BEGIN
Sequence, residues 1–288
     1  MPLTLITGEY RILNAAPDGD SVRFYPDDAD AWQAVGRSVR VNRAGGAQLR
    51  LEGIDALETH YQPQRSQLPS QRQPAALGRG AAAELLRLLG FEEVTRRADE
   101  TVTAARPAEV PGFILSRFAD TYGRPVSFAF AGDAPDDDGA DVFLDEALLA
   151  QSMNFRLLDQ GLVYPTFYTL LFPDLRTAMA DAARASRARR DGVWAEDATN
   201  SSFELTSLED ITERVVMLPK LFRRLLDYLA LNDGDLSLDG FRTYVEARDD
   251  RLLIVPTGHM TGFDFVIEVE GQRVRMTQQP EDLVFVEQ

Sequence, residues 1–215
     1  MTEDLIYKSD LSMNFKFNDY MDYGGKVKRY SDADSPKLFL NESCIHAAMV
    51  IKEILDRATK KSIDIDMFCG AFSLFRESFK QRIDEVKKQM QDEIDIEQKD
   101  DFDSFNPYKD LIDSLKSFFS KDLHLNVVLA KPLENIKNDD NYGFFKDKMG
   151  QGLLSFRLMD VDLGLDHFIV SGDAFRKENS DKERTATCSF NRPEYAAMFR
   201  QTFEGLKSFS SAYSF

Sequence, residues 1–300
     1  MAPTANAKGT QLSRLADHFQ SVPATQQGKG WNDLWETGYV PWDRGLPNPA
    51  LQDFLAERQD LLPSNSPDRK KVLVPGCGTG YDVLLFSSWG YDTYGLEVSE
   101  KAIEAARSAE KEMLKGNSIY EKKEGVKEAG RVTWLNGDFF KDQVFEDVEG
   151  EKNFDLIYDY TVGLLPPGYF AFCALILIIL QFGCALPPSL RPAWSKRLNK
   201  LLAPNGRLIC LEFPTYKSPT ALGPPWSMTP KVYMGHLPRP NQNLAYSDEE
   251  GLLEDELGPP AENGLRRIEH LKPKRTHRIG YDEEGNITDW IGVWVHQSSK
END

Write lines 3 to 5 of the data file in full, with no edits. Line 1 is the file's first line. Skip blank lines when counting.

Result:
    51  LEGIDALETH YQPQRSQLPS QRQPAALGRG AAAELLRLLG FEEVTRRADE
   101  TVTAARPAEV PGFILSRFAD TYGRPVSFAF AGDAPDDDGA DVFLDEALLA
   151  QSMNFRLLDQ GLVYPTFYTL LFPDLRTAMA DAARASRARR DGVWAEDATN